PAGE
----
Giant Pandas: “Not Endangered” but “Vulnerable” to extinction

Giant Pandas with their white and black coat, are admired by the world and considered as the national treasure of China.

Scientific Name: Ailuropoda mellanoleuca

Giant Panda
Giant Panda

Giant Pandas live in Southwest in temperate forest in mountains of China. They depend almost 99% on bamboo. They eat around 26 to 84 pounds of bamboos every day. There eating habit depend on what part of the bamboo they are eating. 

Why Endangered?

Habitat destruction is one of the main reason of decrease in population of giant Pandas. Panda’s population gets smaller and smaller since the population of China increases. Humans have took their habitats and pushed them to smaller and inhabited areas. These factors push their classification to about 1800 numbers.

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Inhabitable areas have lack of food. Pandas feed themselves on bamboos that appear on different times of the year. If one bamboo is destructive by general population then chance of eating that bamboo decreases every time it blooms. Habitat destruction also lead to lack of food. This increases the risk of starvation.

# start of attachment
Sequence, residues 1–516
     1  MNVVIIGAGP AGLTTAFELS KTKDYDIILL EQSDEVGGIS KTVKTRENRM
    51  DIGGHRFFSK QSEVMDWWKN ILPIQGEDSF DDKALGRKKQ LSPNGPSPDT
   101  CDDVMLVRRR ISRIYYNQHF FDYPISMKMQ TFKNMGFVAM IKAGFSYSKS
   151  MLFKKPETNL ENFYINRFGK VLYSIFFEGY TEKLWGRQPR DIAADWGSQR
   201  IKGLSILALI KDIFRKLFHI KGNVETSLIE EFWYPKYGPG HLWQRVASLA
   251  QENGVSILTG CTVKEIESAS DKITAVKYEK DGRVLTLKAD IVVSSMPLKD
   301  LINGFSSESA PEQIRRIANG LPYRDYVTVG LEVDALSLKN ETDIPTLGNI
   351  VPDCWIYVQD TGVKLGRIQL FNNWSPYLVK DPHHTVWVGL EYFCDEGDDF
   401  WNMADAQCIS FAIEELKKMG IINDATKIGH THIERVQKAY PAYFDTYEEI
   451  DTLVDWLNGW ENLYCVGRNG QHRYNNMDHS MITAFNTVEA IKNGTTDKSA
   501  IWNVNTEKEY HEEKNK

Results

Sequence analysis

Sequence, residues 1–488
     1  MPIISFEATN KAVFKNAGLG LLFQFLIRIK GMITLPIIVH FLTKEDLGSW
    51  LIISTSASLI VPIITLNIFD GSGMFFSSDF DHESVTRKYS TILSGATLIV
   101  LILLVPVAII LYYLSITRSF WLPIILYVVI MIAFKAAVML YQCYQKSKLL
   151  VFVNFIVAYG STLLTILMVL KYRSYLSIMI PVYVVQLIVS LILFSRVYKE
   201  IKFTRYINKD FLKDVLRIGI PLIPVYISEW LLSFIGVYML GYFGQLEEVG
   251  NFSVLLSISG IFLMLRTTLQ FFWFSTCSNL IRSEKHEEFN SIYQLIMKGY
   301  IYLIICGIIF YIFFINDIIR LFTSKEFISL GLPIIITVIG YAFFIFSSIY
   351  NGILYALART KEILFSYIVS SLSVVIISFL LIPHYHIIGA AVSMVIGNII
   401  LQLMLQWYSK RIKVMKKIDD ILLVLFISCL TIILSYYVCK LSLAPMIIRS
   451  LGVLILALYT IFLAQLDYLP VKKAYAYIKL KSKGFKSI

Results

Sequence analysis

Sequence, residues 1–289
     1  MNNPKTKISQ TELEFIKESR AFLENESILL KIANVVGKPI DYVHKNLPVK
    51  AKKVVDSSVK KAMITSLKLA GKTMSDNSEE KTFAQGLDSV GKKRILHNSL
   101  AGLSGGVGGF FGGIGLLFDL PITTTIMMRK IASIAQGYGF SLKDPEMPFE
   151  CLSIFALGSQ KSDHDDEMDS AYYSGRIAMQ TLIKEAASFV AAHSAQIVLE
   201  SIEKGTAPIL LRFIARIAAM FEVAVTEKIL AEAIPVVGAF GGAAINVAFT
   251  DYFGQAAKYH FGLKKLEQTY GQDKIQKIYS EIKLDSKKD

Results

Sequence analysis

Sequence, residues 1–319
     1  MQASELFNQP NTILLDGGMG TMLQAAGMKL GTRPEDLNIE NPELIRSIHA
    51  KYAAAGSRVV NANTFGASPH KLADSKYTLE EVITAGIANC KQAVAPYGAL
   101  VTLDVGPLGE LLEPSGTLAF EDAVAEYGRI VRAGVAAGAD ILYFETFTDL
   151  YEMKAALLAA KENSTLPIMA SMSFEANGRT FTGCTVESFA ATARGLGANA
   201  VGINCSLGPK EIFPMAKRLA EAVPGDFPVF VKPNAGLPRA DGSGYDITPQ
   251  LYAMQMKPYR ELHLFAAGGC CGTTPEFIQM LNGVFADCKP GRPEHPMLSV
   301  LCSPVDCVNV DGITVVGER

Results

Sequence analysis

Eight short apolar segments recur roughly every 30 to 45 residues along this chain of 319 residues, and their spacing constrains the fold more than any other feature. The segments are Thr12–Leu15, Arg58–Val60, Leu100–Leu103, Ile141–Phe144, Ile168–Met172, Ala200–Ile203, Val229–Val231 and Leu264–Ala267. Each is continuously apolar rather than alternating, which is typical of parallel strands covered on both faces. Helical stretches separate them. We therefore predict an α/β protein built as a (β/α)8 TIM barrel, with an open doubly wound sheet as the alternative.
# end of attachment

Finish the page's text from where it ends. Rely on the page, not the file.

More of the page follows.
Chinese effort to repopulate bamboo forests

Government of China had taken serious action on the conservation of Giant Pandas and bamboo. There measures have positive impact on the recovery of population of giant Pandas.

Conservation Status

Currently the total number of giant Pandas living in wild is 2060. According to IUCN Red List, Giant Pandas are consider as vulnerable to extinction. Pandas can reproduce seldom, therefore it is difficult for them to increase their number from such a low point.

Giant Pandas are no longer “endangered” but still vulnerable’

says China

State Forestry Administration surveys have concluded that the panda population increases since the Chinese government take actions. In 2016, the IUCN re-labelled the giant panda’s status from Endangered to Vulnerable.

The latest classification upgrade “reflects their improved living conditions and China’s efforts in keeping their habitats integrated”, said Cui Shuhong, head of the Ministry of Ecology and Environment’s Department of Nature and Ecology Conservation at a news conference.

For now, while an increasing panda population is good news. Predictions says that climate changes will eliminate over 35% of the panda’s bamboo habitat in the coming 80 years.

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